On July 17, 2017, the United States Court of Appeals for the Federal Circuit reversed, in a precedential opinion in Millennium Pharmaceuticals, Inc. v. Sandoz, Inc., No. 2015-2066 (Fed. Cir. July 17, 2017), a district court ruling that claims of a patent directed to the Velcade® cancer treatment drug compound were invalid as obvious. The Court held that the District of Delaware clearly erred by finding U.S. Patent No. 6,713,446 (the ‘446 patent) prima facie obvious to one of skill in the art, and by misapplying the secondary indicia of unexpected success and long-unmet need.
Adam Samansky is a Member based in the firm’s Boston office, where he focuses on intellectual property litigation and handles patent, trademark, and trade secret matters on behalf of innovators and investors. Adam’s core practice includes patent and trade secret litigation involving complex technologies in the pharmaceutical, medical, high-tech, and defense industries. He regularly conducts due diligence on blockbuster pharmaceutical assets, including reviewing and assessing litigation, regulatory, and competitive strategies.
On March 3, 2017, the United States Court of Appeals for the Federal Circuit reaffirmed, in a precedential opinion, that prosecution disclaimers may only limit the scope of a claim where the disclaimer is “both clear and unmistakable to one of ordinary skill in the art.” In Technology Properties Ltd. v. Huawei Technologies Co., Ltd., the Federal Circuit made clear that statements made during patent prosecution will not constitute a disclaimer of claim scope where the statements are “ambiguous or amenable to multiple reasonable interpretations,” but that a disclaimer based on unambiguous statements during prosecution may serve to surrender more claim scope than was necessary to overcome a rejection. Continue Reading Federal Circuit Reiterates That Patent Prosecution Disclaimers Must Be “Clear and Unmistakable”
On Monday, January 9, 2017, the U.S. Supreme Court denied, without comment, Mylan Pharmaceuticals’ petition for certiorari to reverse an opinion by the Court of Appeals for the Federal Circuit, which affirmed a broad scope of personal jurisdiction over generic ANDA filers in patent infringement suits under the Hatch-Waxman Act.
Plaintiffs bringing patent infringement complaints under the Iqbal/Twombly pleading standard should take notice. On September 30, 2016, a panel of the Federal Circuit affirmed a district court’s dismissal of a deficient complaint under Rule 12(b)(6). The panel agreed held that a complaint for joint infringement of a patent must show which alleged actor performed each of the required claim elements. The plaintiff’s amended complaint failed to plausibly allege that the defendants exercised the required “direction or control” such that the performance of every claim step could be attributable to them.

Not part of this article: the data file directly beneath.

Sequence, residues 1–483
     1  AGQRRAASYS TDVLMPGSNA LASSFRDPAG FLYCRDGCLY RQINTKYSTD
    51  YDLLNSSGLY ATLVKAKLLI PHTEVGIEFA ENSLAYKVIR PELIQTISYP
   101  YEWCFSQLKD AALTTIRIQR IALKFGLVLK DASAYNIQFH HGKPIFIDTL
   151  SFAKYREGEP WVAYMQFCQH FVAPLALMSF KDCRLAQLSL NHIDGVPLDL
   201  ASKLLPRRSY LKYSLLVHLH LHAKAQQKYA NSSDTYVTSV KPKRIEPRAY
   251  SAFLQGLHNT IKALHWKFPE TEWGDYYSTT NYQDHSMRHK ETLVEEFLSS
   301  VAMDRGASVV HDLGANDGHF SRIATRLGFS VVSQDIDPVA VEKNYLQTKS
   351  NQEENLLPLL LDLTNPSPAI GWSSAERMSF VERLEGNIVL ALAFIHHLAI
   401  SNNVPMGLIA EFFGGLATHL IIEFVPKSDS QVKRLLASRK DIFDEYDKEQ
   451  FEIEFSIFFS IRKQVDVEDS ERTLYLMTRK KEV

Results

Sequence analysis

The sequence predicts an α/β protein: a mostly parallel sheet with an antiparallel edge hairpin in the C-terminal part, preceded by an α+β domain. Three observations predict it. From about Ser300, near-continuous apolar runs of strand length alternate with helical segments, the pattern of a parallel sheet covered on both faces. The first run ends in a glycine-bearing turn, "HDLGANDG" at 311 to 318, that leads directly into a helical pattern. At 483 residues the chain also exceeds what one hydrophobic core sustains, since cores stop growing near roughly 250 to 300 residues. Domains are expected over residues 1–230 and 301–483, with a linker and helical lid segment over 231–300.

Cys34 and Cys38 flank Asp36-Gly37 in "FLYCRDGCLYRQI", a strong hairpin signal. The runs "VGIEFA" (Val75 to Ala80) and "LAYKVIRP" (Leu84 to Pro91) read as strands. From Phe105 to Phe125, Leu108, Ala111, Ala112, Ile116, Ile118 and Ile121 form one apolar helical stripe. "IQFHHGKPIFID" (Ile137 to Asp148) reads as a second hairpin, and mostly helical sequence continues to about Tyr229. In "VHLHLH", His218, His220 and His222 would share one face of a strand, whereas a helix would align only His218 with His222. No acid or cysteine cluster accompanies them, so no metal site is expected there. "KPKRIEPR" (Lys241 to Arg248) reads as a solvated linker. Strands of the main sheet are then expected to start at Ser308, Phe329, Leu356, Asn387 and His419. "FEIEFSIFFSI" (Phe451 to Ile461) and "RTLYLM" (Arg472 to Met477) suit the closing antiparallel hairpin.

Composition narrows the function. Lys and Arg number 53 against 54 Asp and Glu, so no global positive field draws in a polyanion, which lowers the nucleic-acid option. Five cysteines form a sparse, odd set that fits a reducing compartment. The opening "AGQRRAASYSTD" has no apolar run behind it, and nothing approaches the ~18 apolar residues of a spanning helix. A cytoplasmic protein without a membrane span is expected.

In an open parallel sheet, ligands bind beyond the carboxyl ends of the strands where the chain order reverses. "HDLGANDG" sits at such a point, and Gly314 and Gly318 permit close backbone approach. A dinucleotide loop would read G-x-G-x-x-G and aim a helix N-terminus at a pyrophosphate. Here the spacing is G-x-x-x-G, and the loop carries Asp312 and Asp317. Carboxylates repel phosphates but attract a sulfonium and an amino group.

On Friday, March 18, the Court of Appeals for the Federal Circuit affirmed two District of Delaware rulings that non-resident defendant generic ANDA filer, Mylan, is subject to personal jurisdiction in two Hatch-Waxman suits filed in the state. (See Acorda Therapeutics Inc. v. Mylan Pharmaceuticals Inc., No. 14‐935‐LPS (D. Del. Jan. 14, 2015); AstraZeneca AB v. Mylan Pharmaceuticals Inc., No. 14‐696‐GMS (D. Del. Nov. 5, 2014). For coverage of the oral argument in these appeals, see our prior blog post.) The Federal Circuit found that specific personal jurisdiction exists over Mylan in Delaware because Mylan’s ANDA filings reliably indicate its intent to engage in actions that will harm plaintiffs’ patent rights in the jurisdiction. The court did not reach the issue on appeal of whether Mylan’s compliance with Delaware’s registration statute established consent to general personal jurisdiction in the state, an issue on which the lower court opinions split. However, Judge Kathleen M. O’Malley, concurring in the majority’s judgement, would also have found Mylan consented to general personal jurisdiction in light of Delaware’s interpretation of its registration statute.